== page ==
Various career paths available to a family nurse practitioner

Various career paths available to a family nurse practitioner

After becoming a registered nurse, you do not have to stagnate in your career. You can always choose to complete additional studies and specialize in family practice. In fact, now is the best time to enroll in an MSN-FNP program as there is a huge demand for nurse practitioners. The US Bureau of Labor Statistics (BLS) predicts that demand for nurse practitioners will have a growth rate of 46% between 2021 and 2031.

There are many reasons why the demand for nurse practitioners is high in the US. One of the main reasons is that the US is facing a shortage of physicians. In many states, advanced practice registered nurses (APRNs) can provide the same healthcare services as physicians. They can diagnose health conditions, order and interpret diagnostic tests, create treatment plans, prescribe medication and monitor patients closely. This means nurse practitioners can provide the same patient care that doctors provide, and in some cases, patient outcomes are better. This improved access to healthcare helps to minimize hospitalizations and ensure higher patient satisfaction.

Your interest in becoming a family nurse practitioner will reap rich dividends after you complete your master’s degree. You will also find that there are numerous career paths you can choose between, depending on your interests and career goals. Above all, you will be able to have a positive impact on the health and wellness of your patients. Some of the career path options include:

Private practice

Some family nurse practitioners (FNPs) have an entrepreneurial spirit, so they prefer to open their own private practice. When you practice on your own, you can provide a broad range of services to patients. As a private nurse practitioner, you can establish your own hours, set fees and work with patients to develop a personalized care plan. This career path allows you to build a strong rapport with your patients and become a part of the local community. Private practice gives you the flexibility to offer specialized services to patients and work on their terms.


FNPs can work in a variety of hospital settings, such as ERs, intensive care units and medical-surgical units. When you work in a hospital, you may also provide primary care services. In hospitals, FNPs work alongside doctors and in multidisciplinary teams to provide patient-centered care. It is important to note that in a hospital setting, you should be prepared to handle acute and complex medical situations, make quick decisions and manage critical patient care.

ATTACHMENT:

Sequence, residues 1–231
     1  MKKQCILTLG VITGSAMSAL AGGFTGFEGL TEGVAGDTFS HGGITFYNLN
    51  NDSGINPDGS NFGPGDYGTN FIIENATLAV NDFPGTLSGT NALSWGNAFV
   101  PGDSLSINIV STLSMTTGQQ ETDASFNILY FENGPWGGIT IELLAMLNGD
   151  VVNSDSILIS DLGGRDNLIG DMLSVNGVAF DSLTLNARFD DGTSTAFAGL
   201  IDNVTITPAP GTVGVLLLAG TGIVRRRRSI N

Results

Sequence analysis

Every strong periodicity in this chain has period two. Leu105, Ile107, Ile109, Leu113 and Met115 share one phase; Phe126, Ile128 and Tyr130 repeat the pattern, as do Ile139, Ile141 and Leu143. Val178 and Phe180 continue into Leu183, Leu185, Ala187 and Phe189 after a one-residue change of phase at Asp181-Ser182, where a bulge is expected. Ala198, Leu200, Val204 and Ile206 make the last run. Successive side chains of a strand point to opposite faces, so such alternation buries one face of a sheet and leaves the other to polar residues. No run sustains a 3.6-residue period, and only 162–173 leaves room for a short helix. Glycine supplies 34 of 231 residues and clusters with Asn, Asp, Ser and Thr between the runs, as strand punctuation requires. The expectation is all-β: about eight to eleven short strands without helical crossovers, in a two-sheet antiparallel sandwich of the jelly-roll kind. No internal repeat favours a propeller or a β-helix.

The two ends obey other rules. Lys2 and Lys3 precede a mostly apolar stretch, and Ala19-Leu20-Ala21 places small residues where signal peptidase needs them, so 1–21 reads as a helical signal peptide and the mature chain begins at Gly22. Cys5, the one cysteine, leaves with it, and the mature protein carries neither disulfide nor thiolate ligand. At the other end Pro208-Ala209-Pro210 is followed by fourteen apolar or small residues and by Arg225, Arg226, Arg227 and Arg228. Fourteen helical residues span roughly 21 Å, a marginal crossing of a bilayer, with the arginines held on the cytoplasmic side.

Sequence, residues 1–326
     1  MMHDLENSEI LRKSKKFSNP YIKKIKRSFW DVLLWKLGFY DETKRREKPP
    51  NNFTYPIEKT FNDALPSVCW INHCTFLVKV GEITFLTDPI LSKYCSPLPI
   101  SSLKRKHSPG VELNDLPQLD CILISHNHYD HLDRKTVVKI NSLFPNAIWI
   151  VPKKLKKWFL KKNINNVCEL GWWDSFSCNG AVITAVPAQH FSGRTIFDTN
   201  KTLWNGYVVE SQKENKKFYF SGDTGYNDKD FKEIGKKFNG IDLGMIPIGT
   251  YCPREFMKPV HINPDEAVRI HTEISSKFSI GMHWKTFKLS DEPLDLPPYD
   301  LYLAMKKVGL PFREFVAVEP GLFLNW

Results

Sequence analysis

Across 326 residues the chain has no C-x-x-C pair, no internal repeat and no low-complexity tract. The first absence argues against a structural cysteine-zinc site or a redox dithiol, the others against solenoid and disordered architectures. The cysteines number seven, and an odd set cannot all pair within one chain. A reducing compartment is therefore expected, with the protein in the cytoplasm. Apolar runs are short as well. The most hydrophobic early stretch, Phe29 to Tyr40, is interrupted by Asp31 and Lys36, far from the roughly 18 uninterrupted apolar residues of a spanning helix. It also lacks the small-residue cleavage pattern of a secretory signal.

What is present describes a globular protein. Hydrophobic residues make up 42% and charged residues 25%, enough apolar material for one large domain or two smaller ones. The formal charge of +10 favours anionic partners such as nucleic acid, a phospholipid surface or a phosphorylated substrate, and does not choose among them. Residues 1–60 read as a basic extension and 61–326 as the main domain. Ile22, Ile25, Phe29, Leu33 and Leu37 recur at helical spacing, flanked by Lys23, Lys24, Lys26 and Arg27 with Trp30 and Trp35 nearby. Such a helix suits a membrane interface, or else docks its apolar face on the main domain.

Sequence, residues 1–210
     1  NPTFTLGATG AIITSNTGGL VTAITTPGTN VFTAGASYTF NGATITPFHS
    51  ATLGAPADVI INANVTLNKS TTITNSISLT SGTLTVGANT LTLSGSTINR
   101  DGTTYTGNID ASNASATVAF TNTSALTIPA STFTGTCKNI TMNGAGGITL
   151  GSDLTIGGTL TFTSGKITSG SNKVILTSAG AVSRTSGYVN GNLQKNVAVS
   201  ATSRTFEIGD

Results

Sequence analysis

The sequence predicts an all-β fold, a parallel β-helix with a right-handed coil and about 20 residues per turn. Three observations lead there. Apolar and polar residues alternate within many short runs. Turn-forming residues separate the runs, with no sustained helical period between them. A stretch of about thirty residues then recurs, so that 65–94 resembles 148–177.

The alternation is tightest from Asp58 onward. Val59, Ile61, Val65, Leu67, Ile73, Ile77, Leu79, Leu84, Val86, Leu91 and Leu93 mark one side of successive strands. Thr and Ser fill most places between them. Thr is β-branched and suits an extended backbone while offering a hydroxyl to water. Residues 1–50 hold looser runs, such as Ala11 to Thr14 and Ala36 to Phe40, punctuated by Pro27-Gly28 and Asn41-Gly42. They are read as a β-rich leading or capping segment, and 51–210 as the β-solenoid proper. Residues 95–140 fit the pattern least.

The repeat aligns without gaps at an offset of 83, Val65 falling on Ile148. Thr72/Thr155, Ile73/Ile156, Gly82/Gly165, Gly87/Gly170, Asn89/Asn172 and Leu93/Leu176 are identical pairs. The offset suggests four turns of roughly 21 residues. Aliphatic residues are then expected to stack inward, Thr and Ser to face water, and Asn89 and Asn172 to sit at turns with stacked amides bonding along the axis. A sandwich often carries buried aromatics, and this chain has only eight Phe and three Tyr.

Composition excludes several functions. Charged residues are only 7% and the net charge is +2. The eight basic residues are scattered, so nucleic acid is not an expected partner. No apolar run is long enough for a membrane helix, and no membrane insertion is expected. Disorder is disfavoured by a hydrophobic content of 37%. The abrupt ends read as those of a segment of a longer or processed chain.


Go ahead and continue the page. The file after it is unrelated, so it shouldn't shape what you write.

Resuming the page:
Urgent care clinics

These facilities provide immediate medical attention to patients who require treatment for non-life-threatening injuries or illnesses. As an FNP, you can work in these clinics to provide rapid medical attention, request diagnostic tests and imaging and prescribe medications. Urgent care clinics offer a more affordable and accessible option for patients who need immediate medical care. Usually, these settings are fast paced, challenging and rewarding.

Community health centers

Community health centers provide primary care services to underserved communities, low-income families, the uninsured and those with limited access to healthcare. As an FNP working in a community health center, you can provide comprehensive healthcare services, help patients manage chronic illnesses and provide health education and preventive care. You will be working closely with other healthcare professionals, social workers and community organizations to provide coordinated and efficient care to patients. If you want to make a positive impact on the local community’s health and wellbeing, this career path is perfect.

Nursing homes

These facilities provide long-term care services to patients, such as the elderly, disabled, and those who have chronic illnesses, who also require around-the-clock medical attention. As an FNP, you will provide primary care services to patients, medication management, wound care and chronic illness management. Usually, FNPs work closely with other healthcare professionals, such as social workers and physical therapists. This career path requires compassion, patience and a deep understanding of the unique needs of the elderly and disabled.


Health clinics within schools provide primary care services to K-12 students. FNPs provide comprehensive health care services, including physical exams, health screenings and management of chronic illnesses. You will work closely with school administrators, teachers and parents to provide coordinated and efficient care to students. This career path requires a deep understanding of the unique health and developmental needs of children and adolescents.


This is an emerging field and has gained popularity due to the COVID-19 pandemic. It uses technology to provide medical care and health education remotely. You can work in telehealth settings to provide virtual medical consultations, prescribe medications and offer health education services to patients. In telemedicine, you typically work closely with other healthcare professionals to reach patients living in remote or underserved areas or those with mobility issues. Telehealth enables convenient access to healthcare services and offers flexibility to FNPs, who can work from home or any other location.

Nursing research